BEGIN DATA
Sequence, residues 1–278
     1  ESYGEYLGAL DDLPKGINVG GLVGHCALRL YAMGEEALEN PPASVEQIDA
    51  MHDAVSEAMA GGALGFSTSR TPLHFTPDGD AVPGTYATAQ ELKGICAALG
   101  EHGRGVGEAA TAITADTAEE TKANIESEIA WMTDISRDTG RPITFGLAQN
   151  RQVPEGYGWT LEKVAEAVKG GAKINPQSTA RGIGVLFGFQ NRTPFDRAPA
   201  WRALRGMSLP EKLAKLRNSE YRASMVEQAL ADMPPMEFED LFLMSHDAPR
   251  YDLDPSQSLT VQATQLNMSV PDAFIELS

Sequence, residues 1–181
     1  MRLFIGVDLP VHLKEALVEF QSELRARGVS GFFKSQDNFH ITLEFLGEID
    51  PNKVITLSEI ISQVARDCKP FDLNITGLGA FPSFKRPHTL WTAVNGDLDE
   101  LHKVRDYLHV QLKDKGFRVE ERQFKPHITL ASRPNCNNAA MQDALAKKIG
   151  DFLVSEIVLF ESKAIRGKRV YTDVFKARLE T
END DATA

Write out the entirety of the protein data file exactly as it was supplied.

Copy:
Sequence, residues 1–278
     1  ESYGEYLGAL DDLPKGINVG GLVGHCALRL YAMGEEALEN PPASVEQIDA
    51  MHDAVSEAMA GGALGFSTSR TPLHFTPDGD AVPGTYATAQ ELKGICAALG
   101  EHGRGVGEAA TAITADTAEE TKANIESEIA WMTDISRDTG RPITFGLAQN
   151  RQVPEGYGWT LEKVAEAVKG GAKINPQSTA RGIGVLFGFQ NRTPFDRAPA
   201  WRALRGMSLP EKLAKLRNSE YRASMVEQAL ADMPPMEFED LFLMSHDAPR
   251  YDLDPSQSLT VQATQLNMSV PDAFIELS

Sequence, residues 1–181
     1  MRLFIGVDLP VHLKEALVEF QSELRARGVS GFFKSQDNFH ITLEFLGEID
    51  PNKVITLSEI ISQVARDCKP FDLNITGLGA FPSFKRPHTL WTAVNGDLDE
   101  LHKVRDYLHV QLKDKGFRVE ERQFKPHITL ASRPNCNNAA MQDALAKKIG
   151  DFLVSEIVLF ESKAIRGKRV YTDVFKARLE T